The GEWEX Atmospheric Boundary Layer Study

GABLS is one of the activities within the GEWEX Modeling and Prediction Panel. GABLS was originally initiated in 2001.
The chair of GABLS is Bert Holtslag.

The overall objective of the GEWEX Atmospheric Boundary Layer Study (GABLS) is to improve the understanding and the representation of the atmospheric boundary layer in regional and largescale climate models. GABLS aims to provide a platform in which scientists working on boundary layers at different scales will interact. Such activity is important in itself and also very relevant for other activities in GEWEX, and more generally for the activities within WCRP and the International Geosphere-Biosphere Program (Holtslag and Randall, 2001).

The first focus of GABLS is on the representation of the stable atmospheric boundary layer (SBL). It appears that much of the warming predicted by climate models occurs during stable conditions over land (either in winter or at night). At the same time, it is realized that the understanding and parameterization of the SBL is still poor.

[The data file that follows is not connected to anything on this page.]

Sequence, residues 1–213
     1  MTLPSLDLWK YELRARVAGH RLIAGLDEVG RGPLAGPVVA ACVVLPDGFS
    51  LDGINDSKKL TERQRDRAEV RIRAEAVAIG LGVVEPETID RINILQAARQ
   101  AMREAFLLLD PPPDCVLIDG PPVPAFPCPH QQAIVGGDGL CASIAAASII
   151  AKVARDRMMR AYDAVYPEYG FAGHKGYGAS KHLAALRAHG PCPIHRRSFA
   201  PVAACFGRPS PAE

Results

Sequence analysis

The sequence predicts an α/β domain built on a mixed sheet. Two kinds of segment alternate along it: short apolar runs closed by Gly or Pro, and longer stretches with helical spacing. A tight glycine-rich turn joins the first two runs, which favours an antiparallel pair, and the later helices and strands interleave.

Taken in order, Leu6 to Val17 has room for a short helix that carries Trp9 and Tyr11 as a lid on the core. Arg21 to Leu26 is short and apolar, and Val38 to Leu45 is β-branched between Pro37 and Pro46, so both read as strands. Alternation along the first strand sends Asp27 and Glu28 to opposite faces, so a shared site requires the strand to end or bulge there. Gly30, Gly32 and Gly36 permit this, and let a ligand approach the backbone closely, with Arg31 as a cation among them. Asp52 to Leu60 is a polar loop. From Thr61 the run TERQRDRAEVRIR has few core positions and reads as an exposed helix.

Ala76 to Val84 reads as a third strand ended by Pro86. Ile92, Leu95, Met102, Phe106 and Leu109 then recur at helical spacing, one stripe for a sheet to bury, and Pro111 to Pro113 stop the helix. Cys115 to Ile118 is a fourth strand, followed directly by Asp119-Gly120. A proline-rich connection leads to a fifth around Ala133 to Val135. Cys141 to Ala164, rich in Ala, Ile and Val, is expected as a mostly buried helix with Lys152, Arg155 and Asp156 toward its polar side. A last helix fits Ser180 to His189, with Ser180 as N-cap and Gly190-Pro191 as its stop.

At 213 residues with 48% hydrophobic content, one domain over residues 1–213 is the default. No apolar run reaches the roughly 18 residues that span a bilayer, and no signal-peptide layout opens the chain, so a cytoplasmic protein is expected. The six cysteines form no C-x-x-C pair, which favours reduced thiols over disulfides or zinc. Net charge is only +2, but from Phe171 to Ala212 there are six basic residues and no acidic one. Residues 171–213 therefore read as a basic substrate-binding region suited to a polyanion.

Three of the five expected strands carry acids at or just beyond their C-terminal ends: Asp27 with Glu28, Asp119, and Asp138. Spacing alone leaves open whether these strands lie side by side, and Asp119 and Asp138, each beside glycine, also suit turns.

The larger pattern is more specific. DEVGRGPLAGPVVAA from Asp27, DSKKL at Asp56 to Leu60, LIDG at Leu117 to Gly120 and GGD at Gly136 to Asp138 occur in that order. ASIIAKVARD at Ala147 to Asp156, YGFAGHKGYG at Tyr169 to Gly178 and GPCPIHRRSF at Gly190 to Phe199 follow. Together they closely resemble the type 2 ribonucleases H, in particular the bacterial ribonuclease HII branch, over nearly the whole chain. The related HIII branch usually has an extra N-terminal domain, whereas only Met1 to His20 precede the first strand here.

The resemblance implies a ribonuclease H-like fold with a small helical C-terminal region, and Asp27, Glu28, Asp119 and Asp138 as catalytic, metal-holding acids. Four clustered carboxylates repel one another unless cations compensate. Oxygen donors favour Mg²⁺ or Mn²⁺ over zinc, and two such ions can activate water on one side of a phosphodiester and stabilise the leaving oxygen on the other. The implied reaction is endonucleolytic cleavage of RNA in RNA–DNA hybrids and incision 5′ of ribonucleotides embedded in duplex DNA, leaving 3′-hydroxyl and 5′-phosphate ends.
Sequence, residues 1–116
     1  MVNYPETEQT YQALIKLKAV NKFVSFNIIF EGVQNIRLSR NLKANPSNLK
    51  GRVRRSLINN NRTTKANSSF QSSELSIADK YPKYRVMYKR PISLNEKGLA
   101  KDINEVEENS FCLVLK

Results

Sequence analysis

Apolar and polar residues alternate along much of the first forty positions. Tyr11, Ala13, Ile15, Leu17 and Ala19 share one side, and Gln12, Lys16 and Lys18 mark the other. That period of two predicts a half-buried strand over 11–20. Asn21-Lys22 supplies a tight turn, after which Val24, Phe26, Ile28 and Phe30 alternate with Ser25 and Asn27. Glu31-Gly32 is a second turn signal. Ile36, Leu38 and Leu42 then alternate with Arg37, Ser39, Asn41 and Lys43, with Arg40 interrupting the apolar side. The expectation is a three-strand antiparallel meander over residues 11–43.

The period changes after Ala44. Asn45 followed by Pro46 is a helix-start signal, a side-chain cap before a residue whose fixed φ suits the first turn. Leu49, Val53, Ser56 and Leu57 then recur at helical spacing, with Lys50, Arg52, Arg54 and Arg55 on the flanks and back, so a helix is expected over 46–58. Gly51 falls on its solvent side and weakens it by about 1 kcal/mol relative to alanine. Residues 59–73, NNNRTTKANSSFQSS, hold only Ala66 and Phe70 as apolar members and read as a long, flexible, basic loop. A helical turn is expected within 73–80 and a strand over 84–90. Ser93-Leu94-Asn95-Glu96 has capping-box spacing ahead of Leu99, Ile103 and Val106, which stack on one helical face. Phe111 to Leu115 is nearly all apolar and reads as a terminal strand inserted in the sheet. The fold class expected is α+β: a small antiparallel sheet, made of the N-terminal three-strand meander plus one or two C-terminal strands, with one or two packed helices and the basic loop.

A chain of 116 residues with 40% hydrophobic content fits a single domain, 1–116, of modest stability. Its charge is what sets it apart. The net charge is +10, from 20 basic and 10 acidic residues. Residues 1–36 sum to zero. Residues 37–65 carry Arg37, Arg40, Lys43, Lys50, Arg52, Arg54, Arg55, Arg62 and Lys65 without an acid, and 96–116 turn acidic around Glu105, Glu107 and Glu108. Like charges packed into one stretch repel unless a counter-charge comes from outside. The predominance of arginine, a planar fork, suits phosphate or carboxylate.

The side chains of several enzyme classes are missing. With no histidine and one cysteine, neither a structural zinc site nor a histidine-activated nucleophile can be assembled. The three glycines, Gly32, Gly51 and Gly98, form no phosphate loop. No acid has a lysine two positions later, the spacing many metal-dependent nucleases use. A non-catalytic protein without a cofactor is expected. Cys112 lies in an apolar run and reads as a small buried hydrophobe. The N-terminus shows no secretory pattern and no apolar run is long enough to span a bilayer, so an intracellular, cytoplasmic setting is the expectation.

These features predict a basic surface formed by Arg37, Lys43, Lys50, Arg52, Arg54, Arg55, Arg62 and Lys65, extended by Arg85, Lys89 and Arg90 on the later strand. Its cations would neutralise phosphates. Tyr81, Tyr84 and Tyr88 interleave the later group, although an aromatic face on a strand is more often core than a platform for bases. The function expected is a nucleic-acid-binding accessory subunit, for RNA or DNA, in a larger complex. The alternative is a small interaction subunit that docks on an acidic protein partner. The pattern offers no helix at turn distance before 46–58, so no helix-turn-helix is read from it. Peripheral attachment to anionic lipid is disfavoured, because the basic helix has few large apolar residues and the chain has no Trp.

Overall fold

(Figure courtesy of Anton Beljaars, ECMWF)

As an example, the figure shows the difference in the temperature at a height of 2 meters for January 1996 as calculated from two model runs with the same forcings, but with (slightly) different stability functions in the mixing scheme of the ECMWF model in stable conditions.
The scheme with more mixing, leads to higher temperatures over continental areas in winter. To obtain the same synoptic evolution in the two simulations, gentle relaxation towards the analysis is applied above 500 m above the surface. Also, the same prescribed values for the sea surface temperature are used . Notice that the differences in the mean temperatures over the land areas can take values up to 10K! To review our understanding and to discuss future directions on stable boundary layers, a workshop was held at the European Center for Medium-Range Weather Forecasting (ECMWF) in Reading, UK, on March 25-27, 2002. The workshop agenda covered the following topics: Modeling and parameterization experiences at the large-scale modeling centers; progress in theory and understanding of SBLs; Large-Eddy Simulation (LES); and observational data sets (Cabauw, CASES, ARM, Lindenberg, and others).